But getting back to our story, Barnes heals up and then, with the help of Miguel Ferrar (who wears his sunglasses at night) and John Leguizamo (who does not) goes to rescue Miryea. Along the way, he kills some of Tiburon’s henchmen and eventually confronts the man himself. What happens to Tiburon we never find out, but out of respect for the friendship he and Tiburon once had Gardner asks forgiveness for sleeping with his wife and then leaves and finds Miryea just in time to tell her that he loves her before she dies. Throughout her ordeal she never let go of one of Gardner’s dog tags, a touching memento reminiscent of the meaningfulness of the bandana for Debbie.
Yeah, it was kind of a downer movie. I guess I wanted Revenge to fit into this fan theory because of the compelling parallels between Cochran and Barnes when it comes to relationships – specifically, intimate ones. Barnes fled to Mexico in part because he didn’t want to admit he had fallen in love with Debbie. Such a thing would have required that he grow up and try to figure out how adult relationships work. He found the thought terrifying, so he fled. On the flip side, Cochran also flees from relationships (he reveals at one point he had been married and divorced once before, but he admits he was “more in love with jets”) and finally decides to stick around for this one. And what happens? Some pretty bad stuff.
So, the character arc of our hero seems aborted in both movies doesn’t it? In each one, he is forced to sacrifice what he truly desires because he is not quite ready to assume responsibility for it. But the hero in Revenge is much closer to doing it than the hero of Fandango. And now we come to The Postman, a movie (and book) that is dominated by the central question of “Who will take responsibility?”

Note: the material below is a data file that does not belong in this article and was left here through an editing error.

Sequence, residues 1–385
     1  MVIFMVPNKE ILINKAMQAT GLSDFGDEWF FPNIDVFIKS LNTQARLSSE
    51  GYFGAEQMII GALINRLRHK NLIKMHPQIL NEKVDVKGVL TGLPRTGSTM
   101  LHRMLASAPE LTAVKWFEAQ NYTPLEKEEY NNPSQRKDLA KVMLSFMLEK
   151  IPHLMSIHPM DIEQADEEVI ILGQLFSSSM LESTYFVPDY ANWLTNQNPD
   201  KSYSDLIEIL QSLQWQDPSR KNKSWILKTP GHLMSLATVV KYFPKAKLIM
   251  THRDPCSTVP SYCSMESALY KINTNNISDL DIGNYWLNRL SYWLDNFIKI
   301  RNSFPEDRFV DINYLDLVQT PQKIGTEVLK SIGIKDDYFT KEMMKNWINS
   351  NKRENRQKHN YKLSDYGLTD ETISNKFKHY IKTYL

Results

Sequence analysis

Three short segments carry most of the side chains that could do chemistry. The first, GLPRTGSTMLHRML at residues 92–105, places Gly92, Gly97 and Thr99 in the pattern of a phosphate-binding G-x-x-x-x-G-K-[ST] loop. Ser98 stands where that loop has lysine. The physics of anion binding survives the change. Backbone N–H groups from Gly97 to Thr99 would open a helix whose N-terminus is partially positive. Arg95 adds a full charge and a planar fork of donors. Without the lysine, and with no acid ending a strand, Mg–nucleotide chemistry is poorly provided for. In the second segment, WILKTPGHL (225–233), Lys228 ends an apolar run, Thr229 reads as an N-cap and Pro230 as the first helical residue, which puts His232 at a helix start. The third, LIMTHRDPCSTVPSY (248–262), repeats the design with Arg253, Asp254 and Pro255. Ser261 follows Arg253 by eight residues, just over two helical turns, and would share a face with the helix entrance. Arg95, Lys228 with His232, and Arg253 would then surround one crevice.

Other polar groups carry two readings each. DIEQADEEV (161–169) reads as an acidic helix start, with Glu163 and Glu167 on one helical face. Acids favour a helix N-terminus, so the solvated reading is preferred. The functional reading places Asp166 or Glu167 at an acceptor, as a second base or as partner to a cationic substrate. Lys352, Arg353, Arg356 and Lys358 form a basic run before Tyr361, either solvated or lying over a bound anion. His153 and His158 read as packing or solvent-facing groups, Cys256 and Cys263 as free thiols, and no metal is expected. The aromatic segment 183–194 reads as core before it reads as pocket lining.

The Postman’s protagonist has no actual name (it’s Gordon Krantz in the book, which almost seems like a mishmash of Gardner Barnes and Michael J Cochran if you shout both quickly over the sounds of heavy construction) and is delivered to us in the movie with no backstory at all. He has one in the book, but we’ll confine our discussion to the movie. So, we get to fill the blanks ourselves. Fun!
Gardner/Cochran/Postman leaves behind the wreckage of his life and his love affair in Mexico. He wanders the land, crossing from that country back into the United States, just in time for World War III to break out. His training in the Air Force and his experiences in Mexico allow him to survive the devastation as he goes from place to place, scavenging and avoiding gangs of gun-toting survivalists. His knack for making “stone soup” like he did for his friend’s wedding many years ago gets him into the walled-off settlements that arise as civilians and ex-military people slowly rebuild their shattered towns. His natural charisma and his college education also come in handy as he provides people with something they cannot scavenge or grow – entertainment.